You’re correct, a few years ago these degrees didn’t exist because it wasn’t a market, it was emerging and most of the uses for it people in the industry either didn’t fully understand or didn’t actually need. Now that it’s a recognised function it doesn’t mean there are more jobs for it, the market is still just as small as it ever was, the AAA titles that employ hundreds of people have shit all to do with the Australian market, they are mostly based overseas and would definitely require some form of degree or recognised certificate.

        The indie scene is just a commercialised version of what used to be basement made games. A lot of our historical milestones in gaming were developed this way, and a lot of them have spawned what are now our AAA title companies, but the market is no way the same. What used to be a bunch of nobodies with a few big hits is now a shitload of nobodies with a wide dispersal platform (ie apple store & steam). It’s now super easy to make your game and get it sold for millions, but it doesn’t mean your game will be any good, and if it isn’t any good it’s not going to sell amongst the millions of other average titles stocked along with it. If you manage to make that minimum work/maximum profit title, you might have a shot of being recognised by a big publisher or developer and get in that way, but the more that happens, the less the chance of it occurring again, because there is only a finite amount of jobs.

        Back on the topic of dream occupation, video games creation isn’t a necessity, it’s not a trade skill, it’s a bullshit skill for a flight of fantasy, and the excessive amount of applicants means you will get lost in a sea of job seekers all vying for the same position. In that situation, it’s best you have SOMETHING under your belt, be it a degree or experience. The world needs a diverse range of occupations filled to function, when half the populace goes for a un-needed but highly desirable job, other places lose out. Trades are currently starved of attention, because being an apprentice sucks balls, but you’re likely to make a much better wage once complete than you are in the video games industry. The only people that make it in the video games industry are those that would have made it with or without a degree, because their effort and enthusiasm is matched by their talent.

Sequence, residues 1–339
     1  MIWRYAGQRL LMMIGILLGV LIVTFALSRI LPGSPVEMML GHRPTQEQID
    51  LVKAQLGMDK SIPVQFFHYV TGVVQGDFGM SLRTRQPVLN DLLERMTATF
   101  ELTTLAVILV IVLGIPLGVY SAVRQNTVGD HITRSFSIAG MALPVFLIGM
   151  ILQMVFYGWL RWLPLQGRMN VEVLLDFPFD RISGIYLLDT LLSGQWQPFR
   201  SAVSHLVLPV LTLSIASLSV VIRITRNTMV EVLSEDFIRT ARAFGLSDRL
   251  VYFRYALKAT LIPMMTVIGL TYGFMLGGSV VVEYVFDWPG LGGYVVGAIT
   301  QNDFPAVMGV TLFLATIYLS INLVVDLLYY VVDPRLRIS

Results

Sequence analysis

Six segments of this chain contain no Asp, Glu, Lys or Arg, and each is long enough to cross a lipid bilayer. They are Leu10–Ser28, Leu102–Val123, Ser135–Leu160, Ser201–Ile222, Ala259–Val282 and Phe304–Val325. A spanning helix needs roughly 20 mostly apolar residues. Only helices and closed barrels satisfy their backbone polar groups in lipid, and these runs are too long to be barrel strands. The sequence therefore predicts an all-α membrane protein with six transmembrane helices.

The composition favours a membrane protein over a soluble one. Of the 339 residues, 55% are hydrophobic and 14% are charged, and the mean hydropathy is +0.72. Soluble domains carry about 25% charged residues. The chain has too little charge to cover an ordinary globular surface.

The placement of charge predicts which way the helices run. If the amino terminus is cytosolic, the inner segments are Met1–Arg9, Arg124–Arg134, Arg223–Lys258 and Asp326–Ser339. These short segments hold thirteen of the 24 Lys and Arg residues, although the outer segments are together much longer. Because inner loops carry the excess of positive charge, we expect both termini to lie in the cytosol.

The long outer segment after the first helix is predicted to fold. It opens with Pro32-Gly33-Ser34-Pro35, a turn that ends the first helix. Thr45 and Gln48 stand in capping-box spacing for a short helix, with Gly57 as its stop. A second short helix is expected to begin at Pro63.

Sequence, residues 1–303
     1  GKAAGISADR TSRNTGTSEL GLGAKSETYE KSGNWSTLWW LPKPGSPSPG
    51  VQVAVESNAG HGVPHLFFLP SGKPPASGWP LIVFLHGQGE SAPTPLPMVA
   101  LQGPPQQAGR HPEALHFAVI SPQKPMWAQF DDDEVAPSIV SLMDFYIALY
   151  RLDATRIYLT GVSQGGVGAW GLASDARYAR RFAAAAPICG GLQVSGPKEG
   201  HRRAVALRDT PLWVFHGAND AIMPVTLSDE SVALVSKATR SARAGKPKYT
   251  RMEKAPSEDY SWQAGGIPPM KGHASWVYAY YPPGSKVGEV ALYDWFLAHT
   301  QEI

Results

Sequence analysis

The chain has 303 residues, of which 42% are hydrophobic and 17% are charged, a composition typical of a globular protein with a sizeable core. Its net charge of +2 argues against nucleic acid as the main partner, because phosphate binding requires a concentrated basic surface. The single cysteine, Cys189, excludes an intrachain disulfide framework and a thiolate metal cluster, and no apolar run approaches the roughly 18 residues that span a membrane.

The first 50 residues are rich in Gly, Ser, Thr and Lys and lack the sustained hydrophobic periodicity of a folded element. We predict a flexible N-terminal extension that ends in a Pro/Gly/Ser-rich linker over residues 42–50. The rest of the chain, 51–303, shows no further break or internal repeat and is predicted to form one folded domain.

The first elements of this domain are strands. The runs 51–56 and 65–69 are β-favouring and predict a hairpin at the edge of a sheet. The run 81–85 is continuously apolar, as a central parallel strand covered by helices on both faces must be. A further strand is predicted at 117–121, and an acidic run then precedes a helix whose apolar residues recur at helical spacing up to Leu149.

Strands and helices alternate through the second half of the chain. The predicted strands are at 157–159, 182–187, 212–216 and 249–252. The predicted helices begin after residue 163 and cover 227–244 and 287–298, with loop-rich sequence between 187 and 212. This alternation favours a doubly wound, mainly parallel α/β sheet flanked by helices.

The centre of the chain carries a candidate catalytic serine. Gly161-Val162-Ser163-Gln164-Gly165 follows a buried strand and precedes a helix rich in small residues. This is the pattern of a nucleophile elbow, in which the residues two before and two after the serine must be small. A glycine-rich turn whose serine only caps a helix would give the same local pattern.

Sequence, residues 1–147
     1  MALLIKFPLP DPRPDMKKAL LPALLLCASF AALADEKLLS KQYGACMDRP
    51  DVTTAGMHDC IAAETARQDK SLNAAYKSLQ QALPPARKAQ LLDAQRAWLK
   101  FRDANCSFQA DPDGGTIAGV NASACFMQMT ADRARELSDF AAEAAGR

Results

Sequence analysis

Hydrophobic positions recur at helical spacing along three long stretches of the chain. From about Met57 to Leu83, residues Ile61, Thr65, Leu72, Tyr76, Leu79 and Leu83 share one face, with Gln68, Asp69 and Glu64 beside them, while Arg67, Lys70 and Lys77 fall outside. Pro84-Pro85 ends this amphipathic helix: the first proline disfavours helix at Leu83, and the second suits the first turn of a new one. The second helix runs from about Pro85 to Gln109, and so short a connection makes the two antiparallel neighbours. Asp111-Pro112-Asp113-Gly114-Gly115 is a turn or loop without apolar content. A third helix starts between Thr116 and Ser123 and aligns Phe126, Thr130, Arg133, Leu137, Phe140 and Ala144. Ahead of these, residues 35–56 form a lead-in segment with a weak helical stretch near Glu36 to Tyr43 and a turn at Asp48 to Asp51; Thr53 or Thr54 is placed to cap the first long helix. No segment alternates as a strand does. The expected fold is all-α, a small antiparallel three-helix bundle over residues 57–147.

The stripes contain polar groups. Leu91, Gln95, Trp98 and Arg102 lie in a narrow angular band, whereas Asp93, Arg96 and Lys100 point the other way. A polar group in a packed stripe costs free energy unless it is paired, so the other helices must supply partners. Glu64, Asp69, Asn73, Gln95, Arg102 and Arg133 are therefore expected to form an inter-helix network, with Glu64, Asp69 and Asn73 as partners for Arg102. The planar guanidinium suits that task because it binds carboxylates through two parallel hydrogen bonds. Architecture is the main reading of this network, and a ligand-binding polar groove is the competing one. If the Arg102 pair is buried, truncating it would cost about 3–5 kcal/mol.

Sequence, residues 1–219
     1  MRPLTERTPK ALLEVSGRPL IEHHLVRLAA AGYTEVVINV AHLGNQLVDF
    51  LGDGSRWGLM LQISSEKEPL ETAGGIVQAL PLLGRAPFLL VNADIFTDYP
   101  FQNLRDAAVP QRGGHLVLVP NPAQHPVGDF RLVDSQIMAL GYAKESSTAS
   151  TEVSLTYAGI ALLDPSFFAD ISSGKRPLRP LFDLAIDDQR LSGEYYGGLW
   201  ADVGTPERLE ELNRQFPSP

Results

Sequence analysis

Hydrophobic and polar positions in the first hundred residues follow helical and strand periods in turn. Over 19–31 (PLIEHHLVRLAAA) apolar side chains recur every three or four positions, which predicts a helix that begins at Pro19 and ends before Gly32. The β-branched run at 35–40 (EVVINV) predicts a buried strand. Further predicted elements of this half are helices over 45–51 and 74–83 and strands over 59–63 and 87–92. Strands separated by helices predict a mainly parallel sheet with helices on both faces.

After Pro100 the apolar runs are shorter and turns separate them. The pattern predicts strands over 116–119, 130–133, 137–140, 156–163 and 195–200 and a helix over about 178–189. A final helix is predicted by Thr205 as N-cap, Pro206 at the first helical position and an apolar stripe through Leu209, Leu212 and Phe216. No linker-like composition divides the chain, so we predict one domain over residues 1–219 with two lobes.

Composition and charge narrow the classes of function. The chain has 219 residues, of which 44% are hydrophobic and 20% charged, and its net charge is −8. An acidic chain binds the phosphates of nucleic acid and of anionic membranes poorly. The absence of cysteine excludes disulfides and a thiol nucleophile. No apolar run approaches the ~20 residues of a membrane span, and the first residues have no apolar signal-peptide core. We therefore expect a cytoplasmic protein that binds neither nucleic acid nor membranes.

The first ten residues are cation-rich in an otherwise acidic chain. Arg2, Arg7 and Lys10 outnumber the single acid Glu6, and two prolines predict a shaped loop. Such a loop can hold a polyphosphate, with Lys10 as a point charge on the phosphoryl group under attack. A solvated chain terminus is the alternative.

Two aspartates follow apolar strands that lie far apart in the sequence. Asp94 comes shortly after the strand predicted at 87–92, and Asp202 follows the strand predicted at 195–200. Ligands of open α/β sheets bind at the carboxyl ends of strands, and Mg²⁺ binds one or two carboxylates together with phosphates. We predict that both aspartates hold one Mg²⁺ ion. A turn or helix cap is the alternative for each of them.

As for happy feet, you should be ashamed of yourself, it was a shit movie, and you took part in the complete clusterfuck that is hollywood. As for the rest of your self promoting cv, good for you, if everyone was like you, do you think you’d have gotten the job?

  13. Wow, all that hatred, and I wasn’t even listning to Slayer. I for one enjoyed the article! Keep it up.

  14. Respectfully Disagree

    I think it’s quite easy for you to say “no one asked for MY degree” once you’ve already been established. Hell, look at a lot of older people on the industry: a lot of them will say they didn’t finish college or even start with game related work. The reality of it is that the market is so saturated with new people trying to get in that it’s becoming more and more closed off, in my opinion. “When I was twenty, I was leading a team” means nothing to someone today who can even lead a team because they don’t have professional experience in the industry, and they can’t get experience because they can’t get an internship, which requires schooling, most of the time. (By the way, an internship might be underpaid. But making your own games doesn’t pay at all at first, unless you’re EXTREMELY lucky! And who says you can’t make games while you’re at school or doing an internship?)

    What I see here is a person who is saying, “well, I did it, so everyone else can do it, too.” And that is an argument from anecdotal evidence. If getting a job was as simple as “just make games”, I’d know about two-hundred people who’d be employed by now. I think your point of view is interesting, but I ultimately disagree. I find it hard to trust most industry professionals who insist that the path from point A to point B is easy as pie, especially if they got established before the creative industries became as overloaded as they are today.

  15. Hey Epona and Dan,

    I’m actually looking at attending RMIT’s Games design degree. I know I dont need it to become a game designer, but to me it’ll be a powerful learning resource in many different ways. I think people forget that universities are a place to study at and instead have this beleif that they alone will teach you. To me, its all about study and experience.